Rep. Lois Capps (D-CA) also opposed the bill: “I rise in strong opposition to this oil spill amnesia bill that threatens our coastal communities….The bill sidesteps safety and environmental reviews, acting as if the Nation's worst oil spill in history never happened. And, it pushes a failed energy plan that pours billions of dollars into already overstuffed oil industry coffers. The only thing it adds up to… is a false promise. The truth is the Republican majority is hoping to delude the public into believing that this rush to new offshore drilling will provide a quick fix to high gas prices, but the harsh reality is this: The U.S. is never going to have control over world oil supplies or gas prices through drilling. We simply don't have the oil reserves, no matter how much we drill. What we do have is the ability to control prices by lowering our consumption, and that's just what we're starting to do.”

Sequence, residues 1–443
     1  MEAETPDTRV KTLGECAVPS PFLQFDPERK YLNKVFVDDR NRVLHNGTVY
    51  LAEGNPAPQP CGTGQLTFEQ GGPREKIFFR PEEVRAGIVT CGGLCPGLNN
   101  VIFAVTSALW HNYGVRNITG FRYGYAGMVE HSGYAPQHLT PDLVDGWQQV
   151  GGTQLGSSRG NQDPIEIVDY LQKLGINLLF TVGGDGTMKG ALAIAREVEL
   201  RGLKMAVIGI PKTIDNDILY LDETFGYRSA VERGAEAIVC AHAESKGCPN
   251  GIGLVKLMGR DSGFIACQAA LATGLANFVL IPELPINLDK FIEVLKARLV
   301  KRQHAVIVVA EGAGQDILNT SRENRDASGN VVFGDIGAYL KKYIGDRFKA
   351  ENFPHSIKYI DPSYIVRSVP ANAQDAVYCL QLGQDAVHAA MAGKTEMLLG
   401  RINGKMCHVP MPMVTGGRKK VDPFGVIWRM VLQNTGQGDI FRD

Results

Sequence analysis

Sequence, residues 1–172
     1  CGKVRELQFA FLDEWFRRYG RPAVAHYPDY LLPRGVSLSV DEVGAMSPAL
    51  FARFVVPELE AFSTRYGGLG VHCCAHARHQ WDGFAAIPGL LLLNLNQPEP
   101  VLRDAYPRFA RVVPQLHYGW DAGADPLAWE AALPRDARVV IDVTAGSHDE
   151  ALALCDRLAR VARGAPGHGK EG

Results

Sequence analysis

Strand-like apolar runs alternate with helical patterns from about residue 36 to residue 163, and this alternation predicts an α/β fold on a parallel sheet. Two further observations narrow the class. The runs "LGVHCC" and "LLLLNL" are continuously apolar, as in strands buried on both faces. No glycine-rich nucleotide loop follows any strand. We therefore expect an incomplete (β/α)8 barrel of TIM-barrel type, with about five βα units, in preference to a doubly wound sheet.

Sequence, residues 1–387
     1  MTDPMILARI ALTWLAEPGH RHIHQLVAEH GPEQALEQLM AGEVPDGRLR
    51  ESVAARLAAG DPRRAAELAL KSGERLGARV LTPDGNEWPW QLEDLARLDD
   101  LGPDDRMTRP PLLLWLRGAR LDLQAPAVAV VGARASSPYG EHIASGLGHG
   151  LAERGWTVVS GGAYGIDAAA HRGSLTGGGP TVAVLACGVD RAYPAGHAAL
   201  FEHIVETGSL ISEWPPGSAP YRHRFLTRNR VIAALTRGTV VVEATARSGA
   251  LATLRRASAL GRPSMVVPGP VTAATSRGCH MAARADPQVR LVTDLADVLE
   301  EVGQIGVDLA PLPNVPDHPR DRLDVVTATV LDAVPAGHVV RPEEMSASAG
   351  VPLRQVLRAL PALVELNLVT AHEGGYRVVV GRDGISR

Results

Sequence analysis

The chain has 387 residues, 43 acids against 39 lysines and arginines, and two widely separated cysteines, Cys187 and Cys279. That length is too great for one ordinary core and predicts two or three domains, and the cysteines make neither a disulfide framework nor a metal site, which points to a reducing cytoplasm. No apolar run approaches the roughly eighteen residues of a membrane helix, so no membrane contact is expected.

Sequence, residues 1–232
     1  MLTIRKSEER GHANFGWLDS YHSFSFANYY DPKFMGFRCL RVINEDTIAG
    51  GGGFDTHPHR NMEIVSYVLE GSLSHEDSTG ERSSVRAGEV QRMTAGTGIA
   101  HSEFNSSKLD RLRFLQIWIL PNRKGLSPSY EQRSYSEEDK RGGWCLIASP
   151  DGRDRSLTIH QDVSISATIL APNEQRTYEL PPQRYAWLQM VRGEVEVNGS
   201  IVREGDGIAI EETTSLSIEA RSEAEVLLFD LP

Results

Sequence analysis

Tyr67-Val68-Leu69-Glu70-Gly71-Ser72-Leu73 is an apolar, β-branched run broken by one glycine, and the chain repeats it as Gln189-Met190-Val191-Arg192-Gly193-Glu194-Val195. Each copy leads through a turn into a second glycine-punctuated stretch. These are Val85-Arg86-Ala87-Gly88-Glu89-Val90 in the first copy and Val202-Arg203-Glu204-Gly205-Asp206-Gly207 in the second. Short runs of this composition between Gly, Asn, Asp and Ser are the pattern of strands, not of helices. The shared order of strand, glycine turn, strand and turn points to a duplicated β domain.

Continuing, this tells us the following about 1231…
This drill-only bill mandates the most sweeping expansion of offshore drilling in our nation’s history – making broad swaths of the Atlantic and Pacific Coasts open for leasing automatically.And by the way, as noted here, the BP spill victims (remember them?) continue to suffer (and as noted here, Mikey voted against a Democratic motion to H.R. 1231 to prohibit energy companies from selling abroad the outer continental shelf oil and natural gas they extract under federal leases).
So what of HR 2021? Well, Henry Waxman, ranking member of the Committee on Energy and Commerce, tells us the following (here)…